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Right thing to do? Injury related


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Some of you probably remember a month or so ago I injured my wrist. I had slippery boots on (the bottoms were almost a fabric/felt type material instead of rubber) and while helping coach DD's gymnastics class I hopped up to go sign for a package and fell.....HARD. I ended up in a cast for a month, though it ended up NOT being broken.

 

Anyway....I paid a $150 copay at the ER along with around $50 worth of meds. I went to the hand dr twice at $35/trip. I also had a CT scan for which I haven't paid anything out of pocket.

 

I have had several people (including the previous owner of the gym) encourage me to take this to the current owner of the gym (my ex-boss....I haven't actively coached in 4yr, but I do help out here and there and sub once in awhile). I felt uncomfortable, because it really was no fault of the gym's. The floor wasn't wet, I didn't trip, they did nothing wrong. I wasn't technically working......I was helping out with DD's class.

 

I'm not good with confrontation, and don't like situations like this, so I've avoided it up until now figuring I'd just eat the $300ish and let it be since it was my own fault for wearing slippery boots. BUT.....I just got a bill for $1086.55 from the hospital for the remainder of what ins didn't pay for my ER visit and CT scan. I don't have $1086.

 

So, now I feel like it's time to approach him with this. But, how? I feel guilty, because it wasn't their fault I fell. I know that's why they have insurance...for accidents, but I just can't shake the feeling that he's going to be upset that I'm "coming after him" for something that wasn't his fault.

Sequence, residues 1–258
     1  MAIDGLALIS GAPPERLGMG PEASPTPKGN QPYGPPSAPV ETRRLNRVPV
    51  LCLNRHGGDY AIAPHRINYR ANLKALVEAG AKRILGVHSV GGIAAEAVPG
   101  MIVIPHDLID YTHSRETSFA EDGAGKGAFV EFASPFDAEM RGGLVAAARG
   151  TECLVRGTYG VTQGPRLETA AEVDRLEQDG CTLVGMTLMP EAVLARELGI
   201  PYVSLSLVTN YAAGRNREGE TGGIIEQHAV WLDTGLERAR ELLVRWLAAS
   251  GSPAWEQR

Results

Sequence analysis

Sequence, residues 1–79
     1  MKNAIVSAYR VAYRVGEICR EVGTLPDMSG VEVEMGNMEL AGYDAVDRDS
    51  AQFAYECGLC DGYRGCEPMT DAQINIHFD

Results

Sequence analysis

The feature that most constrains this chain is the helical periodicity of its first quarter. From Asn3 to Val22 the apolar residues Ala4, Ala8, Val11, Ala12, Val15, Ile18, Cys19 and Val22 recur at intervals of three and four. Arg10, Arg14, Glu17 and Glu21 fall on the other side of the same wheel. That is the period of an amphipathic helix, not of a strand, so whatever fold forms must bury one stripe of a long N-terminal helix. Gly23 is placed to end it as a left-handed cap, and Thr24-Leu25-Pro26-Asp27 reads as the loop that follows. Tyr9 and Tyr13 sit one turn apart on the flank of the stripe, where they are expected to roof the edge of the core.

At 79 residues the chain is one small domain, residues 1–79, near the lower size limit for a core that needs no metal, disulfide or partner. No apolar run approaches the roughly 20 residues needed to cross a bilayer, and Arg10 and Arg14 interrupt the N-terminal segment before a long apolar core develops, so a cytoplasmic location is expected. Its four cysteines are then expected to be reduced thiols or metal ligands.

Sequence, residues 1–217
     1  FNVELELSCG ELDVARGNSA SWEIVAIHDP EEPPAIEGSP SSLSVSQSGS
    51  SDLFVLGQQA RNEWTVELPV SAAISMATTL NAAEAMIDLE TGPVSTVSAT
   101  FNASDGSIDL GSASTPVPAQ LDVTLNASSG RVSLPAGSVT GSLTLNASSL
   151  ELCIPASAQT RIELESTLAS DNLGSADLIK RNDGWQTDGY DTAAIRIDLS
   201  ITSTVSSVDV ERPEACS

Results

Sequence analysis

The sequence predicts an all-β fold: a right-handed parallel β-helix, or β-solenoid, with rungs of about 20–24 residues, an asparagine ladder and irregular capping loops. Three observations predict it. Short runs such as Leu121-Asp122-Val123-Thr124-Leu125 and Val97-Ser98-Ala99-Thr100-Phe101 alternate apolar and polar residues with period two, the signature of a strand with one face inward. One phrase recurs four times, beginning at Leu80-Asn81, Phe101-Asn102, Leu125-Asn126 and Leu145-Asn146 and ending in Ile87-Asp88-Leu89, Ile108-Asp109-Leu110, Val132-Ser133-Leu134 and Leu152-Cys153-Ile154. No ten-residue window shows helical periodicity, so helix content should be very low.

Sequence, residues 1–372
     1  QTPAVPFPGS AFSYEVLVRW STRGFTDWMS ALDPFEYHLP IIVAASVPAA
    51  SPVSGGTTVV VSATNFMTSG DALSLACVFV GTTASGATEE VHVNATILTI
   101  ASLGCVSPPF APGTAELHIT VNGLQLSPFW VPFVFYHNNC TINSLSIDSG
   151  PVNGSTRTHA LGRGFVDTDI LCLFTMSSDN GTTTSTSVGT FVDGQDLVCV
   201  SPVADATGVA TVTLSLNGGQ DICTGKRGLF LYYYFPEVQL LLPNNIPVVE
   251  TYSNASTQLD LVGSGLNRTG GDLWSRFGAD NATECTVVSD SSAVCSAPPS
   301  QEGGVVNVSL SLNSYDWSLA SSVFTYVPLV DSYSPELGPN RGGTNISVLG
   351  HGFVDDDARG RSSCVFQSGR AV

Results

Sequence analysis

I'm doing the right thing, right??? Help!

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You readily admit it was not the fault of the owner of the gym, so on what grounds are you going to ask him to pay? You are not an employee and are therefore not covered by worker's comp. Any money he gives will be coming out of his pocket, or possibly from his insurance company but I imagine it will not meet any deductible.

 

It sounds like you have a good relationship with the owner. If I were you I'd chalk it up to lesson learned about wearing soft sole boots on a gym floor, work out a payment plan on the bill, and not risk ruining the relationship with the gym owner. Perhaps instead of volunteering there to help out you can ask for a wage to help offset the hospital bill.

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I should also say that I coached at this gym for 10+ years before "retiring" from coaching 4yr ago when DD#2 was born. It never occured to me to "go after" them for the cost of my bills until everyone around me was bombarding me with the suggestion (including the previous owner - who still cleans the gym and takes care of tax stuff for them). It was at the suggestion of the previous owner that I realized maybe I should talk with him about it. Even then, though, I couldn't justify it in my head, so I let it go ($270 didn't seem so bad at that point).

 

When I sub or help out, I'm not volunteering, he just "pays" me under the table in a way (usually by way of a credit to DD's account). I could ask to be paid if I wanted, but it's just as easy to take the credit on DD's account.

 

I do not (and won't) claim to know ANYTHING about insurance in this instance, but have been told repeatedly that things like this are WHY they have insurance. Ugh. I just don't know.

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Different states will have their own laws, and I would not take advice from anyone who wasn't well acquainted with the laws where you live.